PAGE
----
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Families’ engagement in making activities related to aerospace engineering: designing for parents as learning partners in pop-up makerspaces

Families’ engagement in making activities related to aerospace engineering: designing for parents... The researchers conducted a collective case study to investigate how families engaged in making activities related to aerospace engineering in six pop-up makerspace programs held in libraries and one museum. The purpose of this paper is to support families’ engagement in design tasks and engineering thinking, three types of discussion prompts were used during each workshop. The orienting design conjecture was that discussion prompts would allow parents to lead productive conversations to support engineering-making activities.Design/methodology/approachWithin a collective case study approach, 20 consented families (22 adults, 25 children) engaged in making practices related to making a lunar rover with a scientific instrument panel. Data included cases of families’ talk and actions, as documented through video (22 h) and photographs of their engineering designs. An interpretivist, qualitative video-based analysis was conducted by creating individual narrative accounts of each family (including transcript excerpts and images).FindingsParents used the question prompts in ways that were integral to supporting youths’ participation in the engineering activities. Children often did not answer the astronomer’s questions directly; instead, the parents revoiced the prompts before the children’s engagement. Family prompts supported reflecting upon prior experiences, defining the design problem and maintaining the activity flow.Originality/valueDesigning discussion prompts, within a broader project-based learning pedagogy, supports family engagement in engineering design practices in out-of-school pop-up makerspace settings. The work suggests that parents play a crucial role in engineering workshops for youths aged 5 to 10 years old by revoicing prompts to keep families’ design work and sensemaking talk (connecting prior and new ideas) flowing throughout a makerspace workshop. http://www.deepdyve.com/assets/images/DeepDyve-Logo-lg.png Information and Learning Science Emerald Publishing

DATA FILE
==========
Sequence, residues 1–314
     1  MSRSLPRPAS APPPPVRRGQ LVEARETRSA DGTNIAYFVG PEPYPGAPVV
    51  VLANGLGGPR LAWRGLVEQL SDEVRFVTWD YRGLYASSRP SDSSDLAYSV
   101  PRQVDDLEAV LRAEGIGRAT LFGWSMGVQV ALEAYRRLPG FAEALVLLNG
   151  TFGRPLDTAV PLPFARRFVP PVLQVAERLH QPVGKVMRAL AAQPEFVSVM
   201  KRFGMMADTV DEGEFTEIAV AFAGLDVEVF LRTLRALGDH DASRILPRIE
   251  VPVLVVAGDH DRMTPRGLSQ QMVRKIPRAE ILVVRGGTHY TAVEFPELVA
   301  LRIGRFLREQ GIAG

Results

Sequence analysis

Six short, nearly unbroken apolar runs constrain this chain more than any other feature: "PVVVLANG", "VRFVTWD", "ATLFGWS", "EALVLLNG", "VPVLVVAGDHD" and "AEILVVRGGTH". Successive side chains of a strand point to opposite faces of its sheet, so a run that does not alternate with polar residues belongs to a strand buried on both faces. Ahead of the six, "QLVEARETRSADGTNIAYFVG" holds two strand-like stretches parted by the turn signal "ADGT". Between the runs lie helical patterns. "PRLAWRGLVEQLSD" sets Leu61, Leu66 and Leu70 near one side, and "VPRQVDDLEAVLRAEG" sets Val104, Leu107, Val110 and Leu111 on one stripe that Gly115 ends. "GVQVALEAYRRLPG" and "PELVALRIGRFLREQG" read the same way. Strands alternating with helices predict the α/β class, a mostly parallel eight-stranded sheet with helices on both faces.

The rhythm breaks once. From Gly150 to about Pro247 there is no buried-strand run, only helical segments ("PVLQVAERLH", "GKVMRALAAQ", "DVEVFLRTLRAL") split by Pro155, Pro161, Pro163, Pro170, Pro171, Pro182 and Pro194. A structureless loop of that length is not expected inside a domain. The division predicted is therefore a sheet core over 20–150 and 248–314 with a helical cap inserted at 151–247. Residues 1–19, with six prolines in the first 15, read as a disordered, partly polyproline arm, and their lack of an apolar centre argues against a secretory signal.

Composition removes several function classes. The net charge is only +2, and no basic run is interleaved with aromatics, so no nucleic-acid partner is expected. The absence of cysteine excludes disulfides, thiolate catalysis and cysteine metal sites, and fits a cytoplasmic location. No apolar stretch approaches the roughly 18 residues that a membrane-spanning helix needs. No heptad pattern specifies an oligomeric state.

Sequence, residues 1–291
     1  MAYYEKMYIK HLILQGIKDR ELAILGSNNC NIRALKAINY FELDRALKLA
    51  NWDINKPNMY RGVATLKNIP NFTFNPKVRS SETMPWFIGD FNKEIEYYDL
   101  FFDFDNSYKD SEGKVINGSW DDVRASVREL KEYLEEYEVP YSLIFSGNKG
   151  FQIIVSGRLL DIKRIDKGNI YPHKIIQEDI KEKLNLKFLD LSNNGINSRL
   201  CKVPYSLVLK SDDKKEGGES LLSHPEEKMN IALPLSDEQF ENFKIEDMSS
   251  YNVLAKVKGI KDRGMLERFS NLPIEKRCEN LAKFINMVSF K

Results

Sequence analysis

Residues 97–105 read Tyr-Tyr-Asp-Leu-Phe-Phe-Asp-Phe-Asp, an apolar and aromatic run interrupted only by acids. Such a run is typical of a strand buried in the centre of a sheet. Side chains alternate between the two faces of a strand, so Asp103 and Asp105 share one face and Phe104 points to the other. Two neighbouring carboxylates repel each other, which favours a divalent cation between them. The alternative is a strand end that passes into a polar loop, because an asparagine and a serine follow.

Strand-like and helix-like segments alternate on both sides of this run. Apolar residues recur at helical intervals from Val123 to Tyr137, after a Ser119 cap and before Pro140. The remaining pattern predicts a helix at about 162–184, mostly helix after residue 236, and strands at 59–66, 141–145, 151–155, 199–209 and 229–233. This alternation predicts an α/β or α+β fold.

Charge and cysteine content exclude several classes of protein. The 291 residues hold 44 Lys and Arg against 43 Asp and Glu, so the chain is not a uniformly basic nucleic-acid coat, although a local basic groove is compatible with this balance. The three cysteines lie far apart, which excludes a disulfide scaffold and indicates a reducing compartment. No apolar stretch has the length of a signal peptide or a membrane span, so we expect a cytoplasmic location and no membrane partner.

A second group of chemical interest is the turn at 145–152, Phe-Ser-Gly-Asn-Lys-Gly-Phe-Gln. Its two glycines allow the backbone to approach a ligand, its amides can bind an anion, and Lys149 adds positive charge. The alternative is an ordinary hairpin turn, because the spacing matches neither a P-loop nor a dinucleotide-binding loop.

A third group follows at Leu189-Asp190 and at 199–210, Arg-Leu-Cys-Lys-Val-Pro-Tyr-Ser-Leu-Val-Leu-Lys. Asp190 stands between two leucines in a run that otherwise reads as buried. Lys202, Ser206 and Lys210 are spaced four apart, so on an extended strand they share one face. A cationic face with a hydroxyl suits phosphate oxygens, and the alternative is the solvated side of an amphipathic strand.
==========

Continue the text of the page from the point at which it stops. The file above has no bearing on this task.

Families’ engagement in making activities related to aerospace engineering: designing for parents as learning partners in pop-up makerspaces

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Publisher
Emerald Publishing
Copyright
© Emerald Publishing Limited
ISSN
2398-5348
DOI
10.1108/ils-08-2020-0190
Publisher site
See Article on Publisher Site

Abstract

The researchers conducted a collective case study to investigate how families engaged in making activities related to aerospace engineering in six pop-up makerspace programs held in libraries and one museum. The purpose of this paper is to support families’ engagement in design tasks and engineering thinking, three types of discussion prompts were used during each workshop. The orienting design conjecture was that discussion prompts would allow parents to lead productive conversations to support engineering-making activities.Design/methodology/approachWithin a collective case study approach, 20 consented families (22 adults, 25 children) engaged in making practices related to making a lunar rover with a scientific instrument panel. Data included cases of families’ talk and actions, as documented through video (22 h) and photographs of their engineering designs. An interpretivist, qualitative video-based analysis was conducted by creating individual narrative accounts of each family (including transcript excerpts and images).FindingsParents used the question prompts in ways that were integral to supporting youths’ participation in the engineering activities. Children often did not answer the astronomer’s questions directly; instead, the parents revoiced the prompts before the children’s engagement. Family prompts supported reflecting upon prior experiences, defining the design problem and maintaining the activity flow.Originality/valueDesigning discussion prompts, within a broader project-based learning pedagogy, supports family engagement in engineering design practices in out-of-school pop-up makerspace settings. The work suggests that parents play a crucial role in engineering workshops for youths aged 5 to 10 years old by revoicing prompts to keep families’ design work and sensemaking talk (connecting prior and new ideas) flowing throughout a makerspace workshop.

Journal

Information and Learning ScienceEmerald Publishing

Published: Mar 10, 2022

Keywords: Libraries; Makerspaces; Engineering education; Design-based research; Informal education; Family learning; Parent-child interactions

References